The no-frills-variety of mills.
Not quite like the kind our ancestors used to know, but rustic enough to have a sense of history.
|Here I am in the 21st century.|
And that's my grandson in the crate!
Pickin's are good this year!
|A tractor ride out to the apple orchards|
|There's my wife...picking the more contemporary Jonathon apples|
|My grandson, Ben, and I. This just might have been Ben's first time ever picking an apple off the tree!|
|In the crate it goes...Nonna's going to make apple pie with them!|
|My daughter enjoys climbing the trees to reach the apples.|
|No apple shortage here!|
|That's Ben on the right and his cousin, Hank (my grandnephew) on the left.|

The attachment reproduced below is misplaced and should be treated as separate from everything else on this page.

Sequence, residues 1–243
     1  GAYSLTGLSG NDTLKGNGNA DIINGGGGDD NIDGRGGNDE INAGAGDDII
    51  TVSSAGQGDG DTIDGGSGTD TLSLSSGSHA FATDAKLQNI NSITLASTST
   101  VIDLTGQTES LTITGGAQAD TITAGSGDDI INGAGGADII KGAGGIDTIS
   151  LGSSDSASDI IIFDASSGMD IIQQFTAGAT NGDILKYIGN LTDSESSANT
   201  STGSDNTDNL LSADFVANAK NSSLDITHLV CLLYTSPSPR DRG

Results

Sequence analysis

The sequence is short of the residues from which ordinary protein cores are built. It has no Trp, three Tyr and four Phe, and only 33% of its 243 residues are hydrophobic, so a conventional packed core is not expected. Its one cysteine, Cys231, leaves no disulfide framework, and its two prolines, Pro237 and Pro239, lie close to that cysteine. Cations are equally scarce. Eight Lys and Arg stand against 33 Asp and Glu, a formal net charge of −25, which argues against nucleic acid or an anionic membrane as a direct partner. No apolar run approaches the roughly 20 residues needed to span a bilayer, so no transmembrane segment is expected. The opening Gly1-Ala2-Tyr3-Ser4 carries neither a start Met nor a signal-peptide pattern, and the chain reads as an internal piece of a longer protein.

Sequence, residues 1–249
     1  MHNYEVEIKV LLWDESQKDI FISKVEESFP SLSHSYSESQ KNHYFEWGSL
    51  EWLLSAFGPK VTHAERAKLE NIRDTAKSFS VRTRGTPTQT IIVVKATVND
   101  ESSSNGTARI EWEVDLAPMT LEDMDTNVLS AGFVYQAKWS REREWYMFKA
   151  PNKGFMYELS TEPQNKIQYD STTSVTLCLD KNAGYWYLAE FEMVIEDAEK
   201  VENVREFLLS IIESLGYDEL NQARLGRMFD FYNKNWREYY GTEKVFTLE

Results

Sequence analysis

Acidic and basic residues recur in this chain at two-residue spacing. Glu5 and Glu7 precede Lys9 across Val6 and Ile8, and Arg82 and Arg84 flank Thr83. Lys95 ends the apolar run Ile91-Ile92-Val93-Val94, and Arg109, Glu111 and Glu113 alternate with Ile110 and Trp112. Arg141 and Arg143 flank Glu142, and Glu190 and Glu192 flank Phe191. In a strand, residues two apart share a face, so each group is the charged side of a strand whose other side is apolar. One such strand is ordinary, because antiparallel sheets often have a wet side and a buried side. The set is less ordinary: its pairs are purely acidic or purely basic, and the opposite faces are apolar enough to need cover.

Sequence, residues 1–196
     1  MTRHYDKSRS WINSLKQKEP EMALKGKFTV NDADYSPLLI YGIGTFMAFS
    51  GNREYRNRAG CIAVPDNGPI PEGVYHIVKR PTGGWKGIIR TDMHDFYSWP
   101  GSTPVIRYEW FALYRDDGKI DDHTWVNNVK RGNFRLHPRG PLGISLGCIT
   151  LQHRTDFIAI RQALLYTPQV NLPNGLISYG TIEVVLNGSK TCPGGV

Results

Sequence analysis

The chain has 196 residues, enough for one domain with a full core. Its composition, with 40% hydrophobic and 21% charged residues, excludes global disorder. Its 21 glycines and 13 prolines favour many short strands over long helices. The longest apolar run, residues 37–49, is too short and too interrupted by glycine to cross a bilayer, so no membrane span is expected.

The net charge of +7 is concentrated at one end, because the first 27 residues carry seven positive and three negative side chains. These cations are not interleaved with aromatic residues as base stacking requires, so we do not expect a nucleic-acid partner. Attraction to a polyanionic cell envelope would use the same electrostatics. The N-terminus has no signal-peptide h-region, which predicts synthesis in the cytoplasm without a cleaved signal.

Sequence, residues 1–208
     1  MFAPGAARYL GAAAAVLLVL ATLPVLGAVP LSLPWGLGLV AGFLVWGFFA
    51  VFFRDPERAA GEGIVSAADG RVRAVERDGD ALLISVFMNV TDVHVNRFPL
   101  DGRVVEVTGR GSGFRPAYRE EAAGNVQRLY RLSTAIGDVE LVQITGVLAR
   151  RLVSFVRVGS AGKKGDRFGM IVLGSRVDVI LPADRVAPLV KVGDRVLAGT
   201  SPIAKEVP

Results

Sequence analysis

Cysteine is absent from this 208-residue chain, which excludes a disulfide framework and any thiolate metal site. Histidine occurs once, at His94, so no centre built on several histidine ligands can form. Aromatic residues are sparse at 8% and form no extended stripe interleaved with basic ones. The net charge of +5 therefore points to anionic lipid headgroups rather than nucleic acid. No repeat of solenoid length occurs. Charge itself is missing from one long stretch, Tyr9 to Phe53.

Yes, they're in the tree as well.
|Raspberry bushes! We had to pick (and eat!) a few raspberries as well.|
|Our crate of apples. They make the kitchen smell great!|
And soon...a pie to make the entire house smell wonderfull!
There you have our celebrations of harvest time, past and present.
Well...part of our celebrations...the civilians of the Civil War reenacting group I am with - the 21st Michigan - also puts on a fall harvest presentation as well.
Check out the links below to see what we've done in previous years.
Anyhow, once again, I hope you've enjoyed my little excursion here.
Until next time, see you in time.
To learn about harvest history, click HERE
To learn about the history of apples in America, click HERE
To learn about a colonial harvest, click HERE
To read about our 1860s harvest celebration, click HERE
To learn about food preservation & cooking in the 18th century, click HERE
To learn about dipping candles, click HERE